CO2 Conversion: Breakthrough Catalyst Turns Climate Change’s Enemy into a Valuable Resource

Defects Adjust strong metal support interactions

“Defects tune strong metal-support interactions” is a unique approach to design a CO2 reduction nanocatalyst with excellent efficiency and stability. Acknowledgment: Mr. Rajesh Belgamwar and Prof. Vivek Polshettiwar

A research team has developed a highly efficient and stable copper-based catalyst (DFNS/TiO2-Cu) to convert CO2 to CO, with a CO productivity of 5350 mmol g-1 h-1 and a selectivity of 99.8%. The catalyst remained stable for more than 200 h, and in situ studies highlighted the importance of defect sites in tuning strong metal-support interactions.

The intensive use of fossil fuels to drive industrial processes and human activity has resulted in increasingly excessive anthropogenic CO emissions.2 in our atmosphere, exceeding the 400 ppm level. This extremely high atmospheric CO concentration2 has created a series of negative consequences for our planet’s climate system. However, CO2 can be a strategic carbon resource for synthesizing valuable chemicals and fuels. There have been many reports on noble metal catalysts, but their applications were limited due to their moderate catalytic performance and high cost. In the family of base metal catalysts, Cu-based catalysts are among the most versatile, with good potential in many industrial processes. Unfortunately, the low Taman temperature of copper and the resulting surface migration cause sintering of the nanoparticles during the reaction, limiting their activity and long-term stability.

In this work, the research team of prof. led by Vivek Polshetivar at Tata Institute of Fundamental Research (TIFR) in Mumbai asked how to improve the catalytic activity and stability of Cu-catalyst using the concept of strong metal support interaction (SMSI) and defect site cooperation?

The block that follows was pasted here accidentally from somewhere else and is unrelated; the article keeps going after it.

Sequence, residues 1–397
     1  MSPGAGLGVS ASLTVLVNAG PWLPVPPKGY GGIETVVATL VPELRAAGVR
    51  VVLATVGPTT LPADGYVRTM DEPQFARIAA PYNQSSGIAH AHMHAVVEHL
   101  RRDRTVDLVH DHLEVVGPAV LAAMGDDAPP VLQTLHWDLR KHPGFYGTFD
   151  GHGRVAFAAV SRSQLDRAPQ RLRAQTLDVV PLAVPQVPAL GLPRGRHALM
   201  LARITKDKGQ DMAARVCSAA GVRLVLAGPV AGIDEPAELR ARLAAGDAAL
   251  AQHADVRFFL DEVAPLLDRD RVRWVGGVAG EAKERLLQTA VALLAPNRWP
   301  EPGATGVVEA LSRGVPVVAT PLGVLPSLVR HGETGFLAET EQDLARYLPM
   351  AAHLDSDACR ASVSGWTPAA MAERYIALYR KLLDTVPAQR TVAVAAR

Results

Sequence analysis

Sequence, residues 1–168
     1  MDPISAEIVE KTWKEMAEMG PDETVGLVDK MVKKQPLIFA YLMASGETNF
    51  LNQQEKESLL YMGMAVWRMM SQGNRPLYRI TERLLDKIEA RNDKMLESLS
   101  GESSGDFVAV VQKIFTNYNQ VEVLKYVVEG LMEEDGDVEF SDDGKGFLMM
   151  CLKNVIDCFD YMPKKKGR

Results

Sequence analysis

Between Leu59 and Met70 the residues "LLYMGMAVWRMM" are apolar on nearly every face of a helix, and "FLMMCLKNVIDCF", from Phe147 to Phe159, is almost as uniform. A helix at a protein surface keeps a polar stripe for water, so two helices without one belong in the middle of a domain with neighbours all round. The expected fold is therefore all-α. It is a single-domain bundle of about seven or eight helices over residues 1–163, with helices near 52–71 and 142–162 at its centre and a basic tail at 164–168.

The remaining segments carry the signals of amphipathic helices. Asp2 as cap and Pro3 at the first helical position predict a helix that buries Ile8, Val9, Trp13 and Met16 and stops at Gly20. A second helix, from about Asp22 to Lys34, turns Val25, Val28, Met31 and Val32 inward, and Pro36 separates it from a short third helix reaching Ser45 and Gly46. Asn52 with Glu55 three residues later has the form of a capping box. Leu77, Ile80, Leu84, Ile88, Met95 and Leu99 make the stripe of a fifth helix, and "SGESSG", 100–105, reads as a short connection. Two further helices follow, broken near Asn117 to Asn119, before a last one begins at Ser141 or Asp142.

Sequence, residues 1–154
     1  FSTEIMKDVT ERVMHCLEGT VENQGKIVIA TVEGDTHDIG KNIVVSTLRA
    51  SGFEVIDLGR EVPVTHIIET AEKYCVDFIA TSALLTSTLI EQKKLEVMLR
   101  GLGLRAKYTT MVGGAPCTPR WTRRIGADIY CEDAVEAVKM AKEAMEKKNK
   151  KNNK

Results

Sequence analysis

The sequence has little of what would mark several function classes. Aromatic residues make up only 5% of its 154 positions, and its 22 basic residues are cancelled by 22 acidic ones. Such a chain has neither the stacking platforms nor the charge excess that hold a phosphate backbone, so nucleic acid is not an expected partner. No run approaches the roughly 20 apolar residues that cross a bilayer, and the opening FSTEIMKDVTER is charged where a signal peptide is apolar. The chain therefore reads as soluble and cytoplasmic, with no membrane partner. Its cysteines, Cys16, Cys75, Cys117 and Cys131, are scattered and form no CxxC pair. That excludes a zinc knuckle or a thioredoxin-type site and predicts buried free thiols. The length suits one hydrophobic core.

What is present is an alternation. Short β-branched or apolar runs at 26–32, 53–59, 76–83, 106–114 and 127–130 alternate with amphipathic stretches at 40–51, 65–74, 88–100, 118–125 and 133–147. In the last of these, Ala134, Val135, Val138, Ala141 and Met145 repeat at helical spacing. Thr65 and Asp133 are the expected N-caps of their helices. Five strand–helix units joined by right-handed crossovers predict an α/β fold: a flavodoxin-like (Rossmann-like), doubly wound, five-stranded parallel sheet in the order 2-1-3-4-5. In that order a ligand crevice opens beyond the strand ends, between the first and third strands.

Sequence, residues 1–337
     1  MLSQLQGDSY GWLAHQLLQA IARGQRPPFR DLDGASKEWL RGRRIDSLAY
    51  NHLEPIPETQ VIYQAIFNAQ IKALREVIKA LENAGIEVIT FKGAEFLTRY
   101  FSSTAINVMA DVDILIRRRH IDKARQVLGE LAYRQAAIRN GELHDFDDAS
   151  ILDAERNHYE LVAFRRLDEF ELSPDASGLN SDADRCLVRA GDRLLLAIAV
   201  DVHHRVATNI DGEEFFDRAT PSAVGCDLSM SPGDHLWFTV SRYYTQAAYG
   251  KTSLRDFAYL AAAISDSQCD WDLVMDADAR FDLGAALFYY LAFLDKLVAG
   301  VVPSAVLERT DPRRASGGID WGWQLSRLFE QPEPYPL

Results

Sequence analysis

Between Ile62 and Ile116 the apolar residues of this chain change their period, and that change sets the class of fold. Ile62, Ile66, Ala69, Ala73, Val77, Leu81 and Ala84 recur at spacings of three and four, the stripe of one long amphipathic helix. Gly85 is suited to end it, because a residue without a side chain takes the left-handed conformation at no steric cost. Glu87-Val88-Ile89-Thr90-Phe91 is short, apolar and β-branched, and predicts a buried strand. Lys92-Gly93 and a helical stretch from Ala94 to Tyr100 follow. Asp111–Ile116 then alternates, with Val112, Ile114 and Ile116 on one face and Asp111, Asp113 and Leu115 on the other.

They reported a catalyst with active copper sites loaded on titanium oxide-coated dendritic fibrous nanosilica (DFNS/TiO)2-Cu)CO2 to CO conversion. The fibrous morphology and large surface area of ​​DFNS/TiO2 allowed better dispersion and loading of active sites of Cu NPs. This catalyst showed excellent CO catalytic performance2 decrease with CO productivity of 5350 mmol g-1 h-1 (ie, 53506 mmol gCu-1 h-1), is superior to all copper-based thermal catalysts. In particular, DFNS/TiO2-Cu10 showed 99.8% selectivity to CO and was stable for at least 200 h. Defect controlled strong metal support interaction between Cu and TiO2 kept the copper nanoparticles firmly anchored on the support surface and provided excellent catalyst stability.

EELS studies, in situ diffuse reflectance infrared Fourier transform spectroscopy, H2– Temperature programmed reduction, density functional theory calculations and long-term stability indicated strong interactions between copper sites and Ti3+ websites, which ensured good stability and dispersion of active copper sites. On the spot studies provided insight into the role of defect sites (ie3+ and O-vacancies) in SMSI tuning. On the spot time-resolved Fourier transform infrared indicated that CO2 did not directly dissociate to form CO, whereas in situ Raman and in situ The UV-DRS study showed that the intensity of oxygen vacancies and Ti3+ centers gradually decreased after the introduction of CO2 the gas enters the reactor chamber and gradually expands, exposing it to hydrogen. It indicated that the CO2 The conversion of CO followed a redox pathway assisted by hydrogen.

Excellent catalytic performance of DFNS/TiO2– Cu and in situ Mechanical studies indicated the possibility of defects in the tuning of strong metal-support interactions. This approach can lead to the design of catalytic systems using different active sites and defective supports.

Reference: “Defects tune the strong metal-support interactions in copper supported by defective TiO catalysts CO2 Reduction’ by Rajesh Belgamwar, Rishi Verma, Tisita Das, Sudip Chakraborty, Pradip Sarawade and Vivek Polshettiwar, April 5, 2023, Journal of the American Chemical Society.
DOI: 10.1021/jacs.3c01336

Funding: Department of Atomic Energy (DAE), Government of India, India Innovation Mission, Department of Science and Technology, Government of India

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